of material resources and power outside of the reach of the
the mobilization
state (see Goldberg,
"Introduction"). As part of a broader politics of repre
to provide
cultural workers
this
sentation,
suggests the need for progressive
and sites "open to competing
conditions
the pedagogical
conceptualizations,
to expand the con
diverse
identities, and a rich public discourse" necessary
on both a national
to flourish
level
and global
for democracy
ditions
tural
"Nationalism" 327).
identity must be inclusive and informed by a democ
Secondly, national
towards a universal
ratic pluralization
of cultural identities. If the tendency
ensure that stu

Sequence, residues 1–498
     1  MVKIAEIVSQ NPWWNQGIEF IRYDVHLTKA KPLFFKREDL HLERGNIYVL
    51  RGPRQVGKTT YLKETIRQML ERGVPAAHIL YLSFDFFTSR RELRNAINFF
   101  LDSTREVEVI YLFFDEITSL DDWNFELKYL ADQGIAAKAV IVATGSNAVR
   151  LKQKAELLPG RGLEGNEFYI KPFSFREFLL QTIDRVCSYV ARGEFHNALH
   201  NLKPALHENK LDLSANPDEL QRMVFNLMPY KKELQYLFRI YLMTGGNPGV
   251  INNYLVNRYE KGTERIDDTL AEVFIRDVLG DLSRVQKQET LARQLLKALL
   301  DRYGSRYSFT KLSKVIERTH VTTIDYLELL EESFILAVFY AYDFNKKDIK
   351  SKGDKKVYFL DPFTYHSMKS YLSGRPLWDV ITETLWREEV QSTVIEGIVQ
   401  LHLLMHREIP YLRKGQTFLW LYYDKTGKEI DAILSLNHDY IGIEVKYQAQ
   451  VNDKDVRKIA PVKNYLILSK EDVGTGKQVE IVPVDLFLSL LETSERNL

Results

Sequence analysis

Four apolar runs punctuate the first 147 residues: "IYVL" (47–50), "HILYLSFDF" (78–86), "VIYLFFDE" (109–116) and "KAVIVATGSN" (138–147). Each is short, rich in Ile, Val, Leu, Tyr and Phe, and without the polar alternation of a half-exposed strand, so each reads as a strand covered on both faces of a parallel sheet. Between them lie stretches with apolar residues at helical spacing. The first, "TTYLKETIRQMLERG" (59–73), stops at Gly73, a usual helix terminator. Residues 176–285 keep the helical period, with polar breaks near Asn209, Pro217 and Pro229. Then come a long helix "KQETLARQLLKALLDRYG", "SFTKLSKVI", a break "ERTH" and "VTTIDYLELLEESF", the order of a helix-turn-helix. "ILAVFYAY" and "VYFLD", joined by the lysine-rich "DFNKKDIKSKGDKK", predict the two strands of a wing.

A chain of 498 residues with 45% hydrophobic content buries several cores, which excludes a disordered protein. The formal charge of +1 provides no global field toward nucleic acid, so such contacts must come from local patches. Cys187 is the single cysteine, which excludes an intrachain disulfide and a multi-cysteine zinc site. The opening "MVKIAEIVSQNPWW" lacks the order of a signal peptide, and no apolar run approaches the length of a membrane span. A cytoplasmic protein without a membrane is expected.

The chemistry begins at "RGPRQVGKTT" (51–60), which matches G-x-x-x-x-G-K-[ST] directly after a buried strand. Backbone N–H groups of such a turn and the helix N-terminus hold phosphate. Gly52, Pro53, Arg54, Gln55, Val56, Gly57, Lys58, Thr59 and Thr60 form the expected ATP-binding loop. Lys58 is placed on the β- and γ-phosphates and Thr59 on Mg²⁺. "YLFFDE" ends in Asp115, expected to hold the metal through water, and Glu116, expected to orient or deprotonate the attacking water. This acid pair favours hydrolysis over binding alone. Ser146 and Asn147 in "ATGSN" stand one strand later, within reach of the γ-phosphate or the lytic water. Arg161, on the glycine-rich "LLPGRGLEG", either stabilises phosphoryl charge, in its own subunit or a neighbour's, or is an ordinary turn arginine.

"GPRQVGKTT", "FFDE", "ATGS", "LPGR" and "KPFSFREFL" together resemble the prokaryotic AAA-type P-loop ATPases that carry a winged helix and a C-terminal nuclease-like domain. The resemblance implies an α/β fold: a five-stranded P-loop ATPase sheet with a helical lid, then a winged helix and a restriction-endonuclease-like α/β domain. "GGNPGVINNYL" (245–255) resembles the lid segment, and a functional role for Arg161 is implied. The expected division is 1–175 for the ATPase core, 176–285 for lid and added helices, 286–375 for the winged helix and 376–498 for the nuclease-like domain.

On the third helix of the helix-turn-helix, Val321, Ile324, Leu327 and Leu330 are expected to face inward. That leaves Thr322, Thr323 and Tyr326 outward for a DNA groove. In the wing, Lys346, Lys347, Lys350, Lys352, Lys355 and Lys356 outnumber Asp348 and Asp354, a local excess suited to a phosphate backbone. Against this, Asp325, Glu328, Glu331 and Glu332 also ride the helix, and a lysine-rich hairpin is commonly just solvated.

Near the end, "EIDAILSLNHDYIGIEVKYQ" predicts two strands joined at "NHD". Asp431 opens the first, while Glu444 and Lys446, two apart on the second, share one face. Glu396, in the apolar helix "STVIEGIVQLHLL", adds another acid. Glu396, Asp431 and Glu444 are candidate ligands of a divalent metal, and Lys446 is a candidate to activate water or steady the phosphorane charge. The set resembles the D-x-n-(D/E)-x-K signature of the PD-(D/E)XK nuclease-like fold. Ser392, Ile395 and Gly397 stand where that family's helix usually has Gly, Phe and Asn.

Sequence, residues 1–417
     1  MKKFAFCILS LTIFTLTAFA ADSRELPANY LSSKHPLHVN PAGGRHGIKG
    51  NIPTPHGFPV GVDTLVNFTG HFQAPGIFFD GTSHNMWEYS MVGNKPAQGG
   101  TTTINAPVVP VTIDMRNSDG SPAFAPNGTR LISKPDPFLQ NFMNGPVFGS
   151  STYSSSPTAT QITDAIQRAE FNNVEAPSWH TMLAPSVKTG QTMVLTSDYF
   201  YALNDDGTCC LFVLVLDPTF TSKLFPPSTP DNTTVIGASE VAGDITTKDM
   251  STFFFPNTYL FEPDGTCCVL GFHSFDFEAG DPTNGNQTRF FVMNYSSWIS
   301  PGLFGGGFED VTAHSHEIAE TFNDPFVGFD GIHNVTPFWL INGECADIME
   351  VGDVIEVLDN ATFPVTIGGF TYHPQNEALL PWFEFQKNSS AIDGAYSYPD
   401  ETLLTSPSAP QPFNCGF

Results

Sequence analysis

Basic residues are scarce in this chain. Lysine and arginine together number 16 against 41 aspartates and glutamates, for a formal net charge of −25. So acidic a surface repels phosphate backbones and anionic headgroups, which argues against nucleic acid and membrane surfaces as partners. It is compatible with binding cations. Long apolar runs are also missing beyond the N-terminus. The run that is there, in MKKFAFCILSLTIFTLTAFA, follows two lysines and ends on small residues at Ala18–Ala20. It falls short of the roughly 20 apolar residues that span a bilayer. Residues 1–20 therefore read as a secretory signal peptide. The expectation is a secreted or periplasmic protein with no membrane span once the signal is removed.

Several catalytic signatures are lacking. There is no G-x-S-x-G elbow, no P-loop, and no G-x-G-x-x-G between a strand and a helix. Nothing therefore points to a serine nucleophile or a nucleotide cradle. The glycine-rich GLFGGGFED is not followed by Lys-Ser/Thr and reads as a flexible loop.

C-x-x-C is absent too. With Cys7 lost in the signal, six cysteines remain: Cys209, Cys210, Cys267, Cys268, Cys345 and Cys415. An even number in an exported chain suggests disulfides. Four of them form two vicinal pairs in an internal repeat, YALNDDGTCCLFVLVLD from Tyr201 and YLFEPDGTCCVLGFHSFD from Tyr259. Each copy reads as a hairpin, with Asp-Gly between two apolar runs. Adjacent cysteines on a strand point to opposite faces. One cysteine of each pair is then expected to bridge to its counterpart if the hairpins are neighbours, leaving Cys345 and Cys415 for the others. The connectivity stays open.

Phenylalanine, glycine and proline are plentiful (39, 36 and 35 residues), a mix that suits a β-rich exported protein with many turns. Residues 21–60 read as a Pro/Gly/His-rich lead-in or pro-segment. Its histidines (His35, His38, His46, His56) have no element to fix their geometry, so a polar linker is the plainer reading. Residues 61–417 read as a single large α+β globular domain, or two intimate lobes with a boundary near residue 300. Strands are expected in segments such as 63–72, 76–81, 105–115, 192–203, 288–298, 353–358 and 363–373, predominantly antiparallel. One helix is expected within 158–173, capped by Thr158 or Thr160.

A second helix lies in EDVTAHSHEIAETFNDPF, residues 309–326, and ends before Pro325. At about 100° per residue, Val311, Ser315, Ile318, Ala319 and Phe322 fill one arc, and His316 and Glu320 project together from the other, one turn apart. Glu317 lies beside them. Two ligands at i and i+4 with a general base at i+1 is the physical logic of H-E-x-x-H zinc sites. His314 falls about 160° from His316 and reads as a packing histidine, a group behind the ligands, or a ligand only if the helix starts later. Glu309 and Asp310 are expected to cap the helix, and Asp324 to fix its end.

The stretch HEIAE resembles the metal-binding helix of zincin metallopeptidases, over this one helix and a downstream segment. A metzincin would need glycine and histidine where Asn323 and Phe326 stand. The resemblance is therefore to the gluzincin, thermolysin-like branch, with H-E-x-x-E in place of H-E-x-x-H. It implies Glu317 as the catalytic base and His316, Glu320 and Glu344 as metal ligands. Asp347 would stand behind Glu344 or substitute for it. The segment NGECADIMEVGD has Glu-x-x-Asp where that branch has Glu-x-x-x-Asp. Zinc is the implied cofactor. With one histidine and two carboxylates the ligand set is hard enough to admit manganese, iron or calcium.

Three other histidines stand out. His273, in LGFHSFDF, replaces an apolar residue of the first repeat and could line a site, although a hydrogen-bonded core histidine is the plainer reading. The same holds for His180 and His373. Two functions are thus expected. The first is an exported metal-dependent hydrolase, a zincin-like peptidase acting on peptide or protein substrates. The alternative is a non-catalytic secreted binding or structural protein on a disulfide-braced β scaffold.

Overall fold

must
to
is
educators
be
assimilative
resisted,
izing,
impulse
dents engage varied notions of an imagined community by critically address
the approach
toward
cultural differences. While
ing rather than excluding
the varied
such a pedagogy
is culturally inclusive and suggests expanding
in public schools and institutions
texts that define what counts as knowledge
in the United States, there is also a need to create insti
of higher education
(Calhoun,
54
College
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Literature
to transdisciplinarity
and multicultural
studies.
tutionalized
spaces obligated
a poli
more
to
must
But such pedagogical
be
committed
than
spaces
firmly
or simply aimed at helping students to under
tics of inclusive representation
stand and celebrate cultural difference
(Martin Luther King, Jr. Day, for exam
must
The
of
cultural
difference
be a politics of more than texts:
ple).
politics
as they are
and
it must also understand,
differences
negotiate,
challenge
networks of power. Critically nego
defined and sustained within oppressive
as
national
tiating the relationship between
identity and cultural differences,